Members from the Standifer Gap Church in Chattanooga, Tennessee, went on a mission trip in November 2021 to south Georgia, in partnership with the Georgia-Cumberland Conference’s Leads program. The program helps connect churches with those who have requested Bible studies or Adventist literature through various media ministry channels. This trip in particular was important for reaching an area of Georgia that does not have much of an Adventist presence, but still has many people who are hungry for the Lord. Participants also visited the local Seventh-day Adventist churches to facilitate Bible work training.
Starting in May of 2021, the Standifer Gap Church was assigned more than 120 contacts from as far back as 2016 to early 2021. Looking to organize the program, Standifer Gap Church hired Bible work coordinator Noah Banks to help train the church members in Bible work. David Sitler, Standifer Gap pastor, and Banks began to formulate creative ideas for how to reach these contacts and their communities. One of these ideas developed into the mission trip. After getting the trip organized, the dates were set for November 17-21, 2021. Four college students, two Bible workers, two conference Bible workers, Banks, and Sitler went to southern Georgia to work in God’s mission field.
“Standifer Gap partnered with Douglass and Waycross churches to help provide assistance virtually with individual and group Bible studies, but follow-up was difficult online, so mission trips were needed,” says Lavinia Collins, Conference Leads program coordinator. “We had assumed that since the population was lower in these areas that there wouldn’t be as many leads, but hundreds responded. Chattanooga has the opposite problem; we have many soldiers who want to do Bible work, but there aren’t as many leads. Douglass and Waycross are both smaller churches as well, so they don’t have the resources or the workers needed to connect with all those leads,” says Collins. This opened an opportunity for Standifer Gap members to do mission work outside their immediate community, even when COVID restricted travel.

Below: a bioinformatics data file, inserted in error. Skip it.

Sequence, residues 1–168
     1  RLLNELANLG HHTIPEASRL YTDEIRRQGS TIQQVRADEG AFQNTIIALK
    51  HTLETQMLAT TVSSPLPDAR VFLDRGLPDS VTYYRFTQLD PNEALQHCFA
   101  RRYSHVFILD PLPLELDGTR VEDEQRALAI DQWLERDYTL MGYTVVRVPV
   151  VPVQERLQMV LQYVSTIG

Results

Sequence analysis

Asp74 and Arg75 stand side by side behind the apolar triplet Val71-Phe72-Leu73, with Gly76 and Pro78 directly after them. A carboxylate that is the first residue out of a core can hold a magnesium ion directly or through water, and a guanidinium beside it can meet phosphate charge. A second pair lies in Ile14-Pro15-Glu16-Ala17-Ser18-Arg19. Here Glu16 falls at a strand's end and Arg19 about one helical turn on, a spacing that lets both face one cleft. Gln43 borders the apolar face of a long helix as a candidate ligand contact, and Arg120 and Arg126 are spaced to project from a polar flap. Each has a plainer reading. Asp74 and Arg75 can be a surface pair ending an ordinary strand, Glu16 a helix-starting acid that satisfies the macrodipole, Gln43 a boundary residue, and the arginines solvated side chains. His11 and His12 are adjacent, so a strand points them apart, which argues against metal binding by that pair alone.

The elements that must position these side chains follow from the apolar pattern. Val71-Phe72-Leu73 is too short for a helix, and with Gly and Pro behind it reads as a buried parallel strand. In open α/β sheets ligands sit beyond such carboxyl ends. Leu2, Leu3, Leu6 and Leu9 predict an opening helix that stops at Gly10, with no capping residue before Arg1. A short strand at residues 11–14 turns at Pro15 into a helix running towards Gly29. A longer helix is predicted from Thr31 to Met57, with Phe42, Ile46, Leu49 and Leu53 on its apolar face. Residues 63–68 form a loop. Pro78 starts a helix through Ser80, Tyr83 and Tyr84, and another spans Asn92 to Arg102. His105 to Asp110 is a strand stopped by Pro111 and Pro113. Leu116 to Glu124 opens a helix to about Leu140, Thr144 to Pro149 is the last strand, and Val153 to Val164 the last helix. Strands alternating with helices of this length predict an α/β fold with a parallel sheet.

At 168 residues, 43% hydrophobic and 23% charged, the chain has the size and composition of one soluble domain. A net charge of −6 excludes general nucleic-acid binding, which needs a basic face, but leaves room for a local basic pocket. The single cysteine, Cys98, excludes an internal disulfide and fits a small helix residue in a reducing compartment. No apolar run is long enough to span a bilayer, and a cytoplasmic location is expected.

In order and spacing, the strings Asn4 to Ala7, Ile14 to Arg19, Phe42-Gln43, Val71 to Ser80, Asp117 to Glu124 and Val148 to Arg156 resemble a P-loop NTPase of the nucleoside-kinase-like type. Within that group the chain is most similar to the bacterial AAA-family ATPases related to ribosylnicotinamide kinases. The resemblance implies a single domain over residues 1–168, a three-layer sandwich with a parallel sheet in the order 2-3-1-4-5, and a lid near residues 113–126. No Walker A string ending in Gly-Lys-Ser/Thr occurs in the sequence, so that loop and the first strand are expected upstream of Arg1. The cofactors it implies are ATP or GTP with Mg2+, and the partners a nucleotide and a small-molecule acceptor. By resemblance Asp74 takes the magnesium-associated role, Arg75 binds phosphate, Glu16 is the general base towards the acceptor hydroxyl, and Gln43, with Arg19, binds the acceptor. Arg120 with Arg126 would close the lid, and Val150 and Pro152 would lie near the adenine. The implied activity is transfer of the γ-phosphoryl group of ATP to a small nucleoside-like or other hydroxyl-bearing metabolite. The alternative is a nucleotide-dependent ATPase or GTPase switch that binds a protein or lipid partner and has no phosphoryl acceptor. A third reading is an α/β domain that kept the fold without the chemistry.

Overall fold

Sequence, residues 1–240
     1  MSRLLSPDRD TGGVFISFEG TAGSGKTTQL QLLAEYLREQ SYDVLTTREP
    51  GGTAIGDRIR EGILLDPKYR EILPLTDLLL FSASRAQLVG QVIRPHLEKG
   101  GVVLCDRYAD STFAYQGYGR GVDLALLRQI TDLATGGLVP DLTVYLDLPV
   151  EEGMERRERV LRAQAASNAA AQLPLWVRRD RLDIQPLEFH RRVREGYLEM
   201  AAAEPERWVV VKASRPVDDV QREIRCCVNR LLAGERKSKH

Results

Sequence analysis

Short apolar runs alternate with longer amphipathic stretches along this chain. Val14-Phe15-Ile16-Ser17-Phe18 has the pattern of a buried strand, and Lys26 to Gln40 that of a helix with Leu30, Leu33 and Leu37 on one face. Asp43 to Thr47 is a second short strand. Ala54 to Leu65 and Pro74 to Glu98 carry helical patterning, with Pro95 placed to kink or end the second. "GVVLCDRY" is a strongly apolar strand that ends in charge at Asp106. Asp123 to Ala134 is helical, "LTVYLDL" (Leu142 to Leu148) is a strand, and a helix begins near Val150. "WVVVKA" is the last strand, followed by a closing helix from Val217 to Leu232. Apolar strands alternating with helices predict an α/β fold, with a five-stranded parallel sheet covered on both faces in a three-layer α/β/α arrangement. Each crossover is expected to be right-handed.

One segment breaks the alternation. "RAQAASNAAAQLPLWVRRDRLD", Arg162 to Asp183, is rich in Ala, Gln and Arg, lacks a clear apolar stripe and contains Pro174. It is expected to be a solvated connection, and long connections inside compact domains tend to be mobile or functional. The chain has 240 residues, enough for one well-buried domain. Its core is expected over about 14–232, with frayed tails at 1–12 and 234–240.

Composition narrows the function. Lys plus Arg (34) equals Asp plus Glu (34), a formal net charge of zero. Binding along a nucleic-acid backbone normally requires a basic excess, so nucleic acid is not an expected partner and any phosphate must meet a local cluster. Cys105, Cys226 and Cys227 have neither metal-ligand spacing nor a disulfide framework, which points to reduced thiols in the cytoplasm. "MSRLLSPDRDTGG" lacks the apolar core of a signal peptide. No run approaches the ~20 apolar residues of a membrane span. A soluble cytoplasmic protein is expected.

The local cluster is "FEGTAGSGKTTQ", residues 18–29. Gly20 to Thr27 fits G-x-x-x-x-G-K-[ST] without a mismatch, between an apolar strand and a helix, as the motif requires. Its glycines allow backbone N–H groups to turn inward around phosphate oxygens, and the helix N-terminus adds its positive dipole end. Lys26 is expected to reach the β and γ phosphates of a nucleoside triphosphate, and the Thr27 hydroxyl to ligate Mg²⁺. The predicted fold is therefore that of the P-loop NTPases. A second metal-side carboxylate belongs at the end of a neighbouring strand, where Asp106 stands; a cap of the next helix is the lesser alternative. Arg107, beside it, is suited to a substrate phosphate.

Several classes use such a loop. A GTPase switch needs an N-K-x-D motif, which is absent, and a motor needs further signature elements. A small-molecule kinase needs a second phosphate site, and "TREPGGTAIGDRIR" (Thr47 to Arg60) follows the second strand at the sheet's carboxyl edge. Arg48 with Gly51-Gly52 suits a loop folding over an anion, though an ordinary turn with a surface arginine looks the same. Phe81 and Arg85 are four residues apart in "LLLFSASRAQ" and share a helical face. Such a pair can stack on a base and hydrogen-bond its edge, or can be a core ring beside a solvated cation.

When the team arrived, they began scouting the areas of Jesup, Alma, Baxley, and Hazlehurst. They were concerned with how these people would respond to strangers from Chattanooga knocking on their door, but the response was overwhelmingly positive. Over the course of five days, the group visited between 90 and 100 people. All of them were friendly and welcoming, and the studies were well-received. The team also did Bible work training for members of the Waycross Church. Many members assisted with the door-to-door visits and seemed eager to learn.
The Standifer Gap team has already planned additional trips with an even greater list of connections. Currently, there aren’t any plans to plant a church in these areas, so the Leads program wants to make sure that these individuals aren’t forgotten.
“We don’t fully understand where this will lead,” says Collins, “but we are responding to their spiritual needs. We want to keep them warm until more sustainable plans are put in place.”
Georgia-Cumberland | April 2022